The Original ‘Superman’ Movie Has Some Super Big Holes in It
Photo: Warner Bros.
Hey, we love the Man of Steel (that is, Superman, not Zack Snyder’s Man of Steel), as much as the next sucker for superhero films. But the 1978 original feature, starring Marlon Brando and Christopher Reeve, has a number of super big holes we couldn’t help but notice.
As Superman edges close to four decades of existence, we look back fondly with a few curious points of criticism. Besides the five-minute intro and countless continuity faux pas, which seems to be a staple of any older classic, the original Superman is riddled with a number of scenes that leave us with the hows, whys and what the hells from fade in to fade out. See if you can get through the film without screaming. Still a great film though, of course, for 1978.
The Original ‘Superman’ Movie Has Some Super Big Holes in It
Why did they kill off Jonathan Kent so early in such a long movie?
It only took the first half hour for them to do away with Clark’s dad, the guy who teaches him more about his human side than anybody. They made four films, the first of which was nearly three hours long, but yes, let’s kill off Clark’s biggest human influence immediately.
So many questions about the fortress scene.
What kind of little shit leaves his mother right after her husband dies? And once he becomes Superman, he never goes home to visit the rest of the film. What kind of shit son is that? Nevertheless, Clark decides he must find his destiny. How did Clark know to stick the crystal in the slot? That’s like crossing the streams in Ghostbusters, where you do once stupid thing and your world explodes.
Who does his tailoring?
In the comics, as well as on Smallville, the suit was designed by Clark’s mother, Martha Kent. In the original film, he goes in as Jeff East and comes out much larger as Christopher Reeve, already flying and wearing his suit with nothing in between, like flight lessons perhaps.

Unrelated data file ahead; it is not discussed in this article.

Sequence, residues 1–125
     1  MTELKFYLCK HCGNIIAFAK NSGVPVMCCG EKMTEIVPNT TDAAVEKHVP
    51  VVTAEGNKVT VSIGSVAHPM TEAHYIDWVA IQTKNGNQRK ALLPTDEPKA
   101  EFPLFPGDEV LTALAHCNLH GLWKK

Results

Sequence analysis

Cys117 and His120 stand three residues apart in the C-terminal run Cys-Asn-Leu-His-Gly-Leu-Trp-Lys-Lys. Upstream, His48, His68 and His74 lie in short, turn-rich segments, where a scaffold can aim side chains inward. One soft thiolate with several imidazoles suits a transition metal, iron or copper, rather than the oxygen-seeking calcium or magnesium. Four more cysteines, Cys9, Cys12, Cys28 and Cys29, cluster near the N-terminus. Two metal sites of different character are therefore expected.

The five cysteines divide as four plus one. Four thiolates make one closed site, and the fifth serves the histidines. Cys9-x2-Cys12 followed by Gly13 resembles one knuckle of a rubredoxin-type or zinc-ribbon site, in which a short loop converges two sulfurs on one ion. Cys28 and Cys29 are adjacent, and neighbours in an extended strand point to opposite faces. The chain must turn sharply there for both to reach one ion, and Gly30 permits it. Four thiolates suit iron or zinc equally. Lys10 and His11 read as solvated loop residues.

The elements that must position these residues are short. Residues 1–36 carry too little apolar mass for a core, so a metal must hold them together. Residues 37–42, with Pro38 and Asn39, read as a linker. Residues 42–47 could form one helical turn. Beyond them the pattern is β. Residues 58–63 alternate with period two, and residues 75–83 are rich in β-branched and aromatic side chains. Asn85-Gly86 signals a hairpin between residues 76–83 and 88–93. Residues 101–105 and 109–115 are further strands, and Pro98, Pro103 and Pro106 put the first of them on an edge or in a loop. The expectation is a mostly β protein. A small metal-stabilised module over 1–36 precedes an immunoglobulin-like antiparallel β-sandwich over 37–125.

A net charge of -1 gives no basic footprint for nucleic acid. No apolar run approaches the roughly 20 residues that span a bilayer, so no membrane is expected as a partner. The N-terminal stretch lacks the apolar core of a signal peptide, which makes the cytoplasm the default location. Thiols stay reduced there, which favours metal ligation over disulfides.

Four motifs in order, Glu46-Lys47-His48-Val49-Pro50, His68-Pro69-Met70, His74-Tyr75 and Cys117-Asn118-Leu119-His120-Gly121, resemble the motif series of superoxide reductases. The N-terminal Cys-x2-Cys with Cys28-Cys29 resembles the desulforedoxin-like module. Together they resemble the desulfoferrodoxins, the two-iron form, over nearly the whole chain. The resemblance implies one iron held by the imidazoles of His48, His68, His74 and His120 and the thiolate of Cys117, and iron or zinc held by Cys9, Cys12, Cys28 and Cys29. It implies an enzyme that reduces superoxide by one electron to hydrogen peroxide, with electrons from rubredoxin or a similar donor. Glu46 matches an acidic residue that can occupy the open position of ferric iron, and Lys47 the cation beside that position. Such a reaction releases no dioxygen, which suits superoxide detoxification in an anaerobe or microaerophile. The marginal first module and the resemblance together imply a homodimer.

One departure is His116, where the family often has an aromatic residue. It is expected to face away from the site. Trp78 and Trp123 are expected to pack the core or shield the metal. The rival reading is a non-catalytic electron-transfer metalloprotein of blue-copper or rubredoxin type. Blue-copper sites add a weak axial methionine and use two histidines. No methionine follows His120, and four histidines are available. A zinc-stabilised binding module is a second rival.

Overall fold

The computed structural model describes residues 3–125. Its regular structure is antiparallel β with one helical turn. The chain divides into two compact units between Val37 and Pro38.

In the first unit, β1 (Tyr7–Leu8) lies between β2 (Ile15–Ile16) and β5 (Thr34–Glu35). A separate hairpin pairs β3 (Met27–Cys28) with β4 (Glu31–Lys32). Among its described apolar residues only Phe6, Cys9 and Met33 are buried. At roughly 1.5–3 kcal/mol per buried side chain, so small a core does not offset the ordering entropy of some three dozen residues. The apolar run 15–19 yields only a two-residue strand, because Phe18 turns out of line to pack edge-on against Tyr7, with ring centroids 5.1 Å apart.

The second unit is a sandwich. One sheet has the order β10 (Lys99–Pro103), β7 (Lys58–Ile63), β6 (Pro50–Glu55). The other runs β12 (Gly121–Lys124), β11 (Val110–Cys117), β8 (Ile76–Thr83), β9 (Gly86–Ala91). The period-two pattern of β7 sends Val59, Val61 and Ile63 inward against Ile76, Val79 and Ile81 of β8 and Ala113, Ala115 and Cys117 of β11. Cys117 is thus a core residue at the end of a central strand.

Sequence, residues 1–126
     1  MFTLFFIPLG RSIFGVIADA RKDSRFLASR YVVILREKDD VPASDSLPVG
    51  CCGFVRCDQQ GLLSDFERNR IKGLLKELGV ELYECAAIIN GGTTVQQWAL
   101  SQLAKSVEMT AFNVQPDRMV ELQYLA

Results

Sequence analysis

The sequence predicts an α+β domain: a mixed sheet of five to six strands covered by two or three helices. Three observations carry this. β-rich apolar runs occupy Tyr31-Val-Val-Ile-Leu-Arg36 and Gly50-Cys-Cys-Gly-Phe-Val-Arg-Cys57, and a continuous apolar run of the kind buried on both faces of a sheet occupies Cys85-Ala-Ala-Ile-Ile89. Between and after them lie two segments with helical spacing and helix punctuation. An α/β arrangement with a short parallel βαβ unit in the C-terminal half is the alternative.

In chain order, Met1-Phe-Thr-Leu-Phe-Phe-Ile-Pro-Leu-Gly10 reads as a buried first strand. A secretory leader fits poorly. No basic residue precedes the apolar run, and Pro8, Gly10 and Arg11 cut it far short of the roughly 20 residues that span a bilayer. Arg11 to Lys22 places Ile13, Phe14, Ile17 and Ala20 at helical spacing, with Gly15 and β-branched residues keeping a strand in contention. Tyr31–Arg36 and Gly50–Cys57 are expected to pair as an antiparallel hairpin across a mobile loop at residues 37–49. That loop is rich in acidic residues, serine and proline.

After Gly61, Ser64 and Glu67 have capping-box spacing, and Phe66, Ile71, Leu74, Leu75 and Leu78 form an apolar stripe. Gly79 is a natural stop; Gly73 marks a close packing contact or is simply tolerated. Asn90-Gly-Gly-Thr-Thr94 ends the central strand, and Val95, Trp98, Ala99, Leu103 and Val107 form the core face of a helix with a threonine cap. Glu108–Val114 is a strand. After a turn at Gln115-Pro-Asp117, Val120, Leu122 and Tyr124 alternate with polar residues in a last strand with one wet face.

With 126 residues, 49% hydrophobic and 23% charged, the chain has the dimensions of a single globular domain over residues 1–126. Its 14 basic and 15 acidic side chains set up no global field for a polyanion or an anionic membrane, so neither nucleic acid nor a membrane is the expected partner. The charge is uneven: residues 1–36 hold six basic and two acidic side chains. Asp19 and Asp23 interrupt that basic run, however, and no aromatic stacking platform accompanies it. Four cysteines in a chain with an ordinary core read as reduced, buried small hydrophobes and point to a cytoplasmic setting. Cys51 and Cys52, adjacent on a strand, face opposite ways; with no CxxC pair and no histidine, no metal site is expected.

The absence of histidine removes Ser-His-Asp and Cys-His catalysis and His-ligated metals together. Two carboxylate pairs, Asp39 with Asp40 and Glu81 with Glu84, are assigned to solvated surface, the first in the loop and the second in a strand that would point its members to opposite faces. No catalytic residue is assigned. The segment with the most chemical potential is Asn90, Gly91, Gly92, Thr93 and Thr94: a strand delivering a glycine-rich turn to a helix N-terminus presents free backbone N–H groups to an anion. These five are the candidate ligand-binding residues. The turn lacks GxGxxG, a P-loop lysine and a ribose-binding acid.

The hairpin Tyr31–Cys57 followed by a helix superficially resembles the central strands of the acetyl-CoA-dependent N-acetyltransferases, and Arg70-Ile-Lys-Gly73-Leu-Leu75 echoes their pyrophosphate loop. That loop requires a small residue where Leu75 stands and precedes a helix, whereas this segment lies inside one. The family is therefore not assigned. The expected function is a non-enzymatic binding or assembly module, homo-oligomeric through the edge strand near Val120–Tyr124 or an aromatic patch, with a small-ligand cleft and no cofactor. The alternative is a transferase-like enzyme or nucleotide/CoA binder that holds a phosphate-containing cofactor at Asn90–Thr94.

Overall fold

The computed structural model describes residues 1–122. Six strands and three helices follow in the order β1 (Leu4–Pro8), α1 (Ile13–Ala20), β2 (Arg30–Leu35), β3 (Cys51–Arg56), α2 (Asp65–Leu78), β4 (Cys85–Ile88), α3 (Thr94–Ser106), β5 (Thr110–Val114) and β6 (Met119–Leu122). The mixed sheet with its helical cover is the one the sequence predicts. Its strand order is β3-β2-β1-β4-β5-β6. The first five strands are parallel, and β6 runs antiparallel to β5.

Time discrepancies & omission of vital information.
Brando reappears as a Jor-El hologram to introduce himself to Clark in the fortress and give him the rest of his powers. He later makes reference to Einstein’s laws of relativity, despite being dead for thousand of Earthly years. Clark enters the fortress at 18, then shoots forward 12 years, leaving the fortress with all this knowledge about his powers but nothing of his weaknesses (kryptonite).
How’d he manage a job at The Daily Planet? (school/super stuff).
Considering Clark missed out on 12 vital years of his life where people are educated about things like journalism and get degrees and do unpaid internships, he instead just shows up at The Daily Planet working close with the Editor-in-Chief, Perry White, and top reporter, Lois Lane, who strangely doesn’t know how to spell “massacre.”
The only thing funnier than going from boy Clark (Jeff East) to a flying Superman (Christopher Reeve) to this scene with a nerdy Clark at The Daily Planet in under 10 seconds is the immediate grammatical callout by Perry White in his first scene: “There’s only one “P” in “rapist.”
Lois sure knew a lot about him during his first interview.
For a first interview, she seemed to know a lot about our brand new superhero, like his X-ray vision and his invincibility. Perry White said whoever gets the first interview is going to make it big, then it conveniently cuts to Superman showing up right before her date with Clark.